The word that is most prominent in the preceding phrases is “to be thought of”. This should be distinguished from daydreaming, remembering and thinking in a haze. Thought is not a particularly pleasant exercise, which is why most of us strive to avoid it all the time. However, there’s nothing you can do in the event that you wish to receive top marks. So think as hard as you can about the meaning for the inquiry, the issues it raises and the possible ways to tackle it. You must think and think a lot – and then you should rethink seeking out any loopholes in your thinking. You will eventually get confused. Do not worry about it: confusion is generally a necessary phase in the achievement of clarity. If you’re completely lost then take a break. When you return at the same question, it may be that the problems have been resolved. If not, you should give yourself additional time. You may discover that decent ideas simply pop into your head at unintentional instances.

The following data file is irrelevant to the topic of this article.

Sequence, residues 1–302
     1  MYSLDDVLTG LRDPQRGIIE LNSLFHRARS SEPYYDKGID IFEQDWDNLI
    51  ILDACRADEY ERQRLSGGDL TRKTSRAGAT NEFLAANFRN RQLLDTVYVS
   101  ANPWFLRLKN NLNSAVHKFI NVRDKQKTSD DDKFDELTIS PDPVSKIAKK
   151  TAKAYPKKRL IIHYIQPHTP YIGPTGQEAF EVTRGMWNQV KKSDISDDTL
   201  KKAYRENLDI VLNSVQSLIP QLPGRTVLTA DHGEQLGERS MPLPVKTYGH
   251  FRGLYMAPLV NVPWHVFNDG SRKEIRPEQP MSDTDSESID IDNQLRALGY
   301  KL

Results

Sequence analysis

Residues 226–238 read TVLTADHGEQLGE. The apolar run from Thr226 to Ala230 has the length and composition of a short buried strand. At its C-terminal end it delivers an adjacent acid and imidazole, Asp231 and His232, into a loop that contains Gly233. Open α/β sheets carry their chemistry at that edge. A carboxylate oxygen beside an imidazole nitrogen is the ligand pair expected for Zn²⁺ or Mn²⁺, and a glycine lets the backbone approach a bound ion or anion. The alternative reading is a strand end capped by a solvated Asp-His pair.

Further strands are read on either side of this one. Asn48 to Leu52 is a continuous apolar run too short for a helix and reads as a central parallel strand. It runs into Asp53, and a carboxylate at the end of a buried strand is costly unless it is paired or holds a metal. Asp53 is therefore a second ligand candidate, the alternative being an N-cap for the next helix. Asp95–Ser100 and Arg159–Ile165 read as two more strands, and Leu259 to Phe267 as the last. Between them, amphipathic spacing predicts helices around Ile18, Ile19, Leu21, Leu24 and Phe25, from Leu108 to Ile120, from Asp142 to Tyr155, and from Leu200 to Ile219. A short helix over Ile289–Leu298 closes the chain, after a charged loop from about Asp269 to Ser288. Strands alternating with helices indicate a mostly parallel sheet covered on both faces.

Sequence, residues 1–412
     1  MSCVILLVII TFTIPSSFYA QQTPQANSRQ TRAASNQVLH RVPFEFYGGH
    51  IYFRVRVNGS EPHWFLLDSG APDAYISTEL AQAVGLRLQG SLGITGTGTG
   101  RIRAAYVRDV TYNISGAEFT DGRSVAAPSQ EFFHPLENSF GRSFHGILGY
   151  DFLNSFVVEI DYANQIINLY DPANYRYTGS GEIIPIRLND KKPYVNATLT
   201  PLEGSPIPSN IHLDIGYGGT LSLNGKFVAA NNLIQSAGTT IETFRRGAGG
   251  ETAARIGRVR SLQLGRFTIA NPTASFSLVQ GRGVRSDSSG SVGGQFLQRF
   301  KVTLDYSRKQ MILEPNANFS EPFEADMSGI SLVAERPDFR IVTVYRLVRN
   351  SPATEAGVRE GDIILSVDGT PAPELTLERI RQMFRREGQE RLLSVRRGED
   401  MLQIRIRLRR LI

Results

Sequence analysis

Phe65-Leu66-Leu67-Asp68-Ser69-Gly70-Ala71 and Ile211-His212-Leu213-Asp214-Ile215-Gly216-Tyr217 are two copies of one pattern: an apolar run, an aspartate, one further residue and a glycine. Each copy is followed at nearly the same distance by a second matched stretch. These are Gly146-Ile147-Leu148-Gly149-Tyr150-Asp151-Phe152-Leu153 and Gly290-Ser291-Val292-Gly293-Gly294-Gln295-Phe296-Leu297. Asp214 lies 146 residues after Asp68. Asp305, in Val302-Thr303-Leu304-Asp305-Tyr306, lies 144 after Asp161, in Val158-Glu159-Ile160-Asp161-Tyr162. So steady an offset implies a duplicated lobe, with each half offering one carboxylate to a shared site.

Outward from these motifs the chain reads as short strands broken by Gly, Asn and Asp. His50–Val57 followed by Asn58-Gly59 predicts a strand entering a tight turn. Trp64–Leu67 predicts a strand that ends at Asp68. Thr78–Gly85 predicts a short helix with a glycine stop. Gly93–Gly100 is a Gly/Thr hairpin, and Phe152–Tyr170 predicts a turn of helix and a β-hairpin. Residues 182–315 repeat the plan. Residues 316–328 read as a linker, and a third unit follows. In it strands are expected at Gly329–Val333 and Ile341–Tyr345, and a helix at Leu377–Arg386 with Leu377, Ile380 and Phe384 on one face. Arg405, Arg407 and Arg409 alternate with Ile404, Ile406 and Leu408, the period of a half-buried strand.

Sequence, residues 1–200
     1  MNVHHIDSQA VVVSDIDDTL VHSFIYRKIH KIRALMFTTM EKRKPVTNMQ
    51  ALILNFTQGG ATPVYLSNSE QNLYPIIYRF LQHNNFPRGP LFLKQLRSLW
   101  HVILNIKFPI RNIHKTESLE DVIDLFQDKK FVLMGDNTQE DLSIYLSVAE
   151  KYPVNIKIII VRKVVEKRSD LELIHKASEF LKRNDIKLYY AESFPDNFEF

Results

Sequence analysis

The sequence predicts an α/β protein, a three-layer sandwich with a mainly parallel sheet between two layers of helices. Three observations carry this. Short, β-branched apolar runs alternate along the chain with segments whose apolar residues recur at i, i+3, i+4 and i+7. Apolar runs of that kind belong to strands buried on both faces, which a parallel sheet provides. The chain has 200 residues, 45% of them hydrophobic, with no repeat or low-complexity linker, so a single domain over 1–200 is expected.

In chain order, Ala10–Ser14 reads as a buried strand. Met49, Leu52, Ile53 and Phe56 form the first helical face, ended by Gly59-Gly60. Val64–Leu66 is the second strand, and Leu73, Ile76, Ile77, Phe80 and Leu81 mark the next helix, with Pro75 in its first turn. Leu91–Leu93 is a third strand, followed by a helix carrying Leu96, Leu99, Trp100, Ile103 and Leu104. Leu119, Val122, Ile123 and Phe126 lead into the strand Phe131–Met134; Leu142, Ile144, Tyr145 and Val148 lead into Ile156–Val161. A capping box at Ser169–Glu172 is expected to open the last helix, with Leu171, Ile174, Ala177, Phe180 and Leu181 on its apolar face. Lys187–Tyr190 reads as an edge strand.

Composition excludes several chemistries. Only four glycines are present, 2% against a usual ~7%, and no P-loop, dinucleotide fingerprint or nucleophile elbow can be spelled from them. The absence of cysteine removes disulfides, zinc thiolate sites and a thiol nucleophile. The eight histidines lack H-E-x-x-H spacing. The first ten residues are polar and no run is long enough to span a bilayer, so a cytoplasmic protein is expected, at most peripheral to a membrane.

It is the Vital First Paragraph

Every aspect of an paper is crucial, but the introduction is the most important. This is the chance you’ll have to impress or even depress an examiner, and first impressions are often decisive. It is therefore advisable writing a striking opening sentence. (‘Start with an earthquake and build up to a point of climax, directed the filmmaker Cecil B. De Mille.) But it is important that you show your understanding of the questions. This is where you write your carefully contemplated definitions of crucial terms. Additionally, you outline the time-frame and issues – which is to say, the conditions of the question. You also divide the whole question into than manageable divisions, or smaller-sized questions, on the basis of which you’ll later write the length of a paragraph. You will formulate an argument or perhaps you speak up alternative lines of argument, that you’ll back up later in the essay. Therefore, the first paragraph and perhaps you’ll want to spread this opening paragraph into two paragraphs, is the main element to writing an effective essay.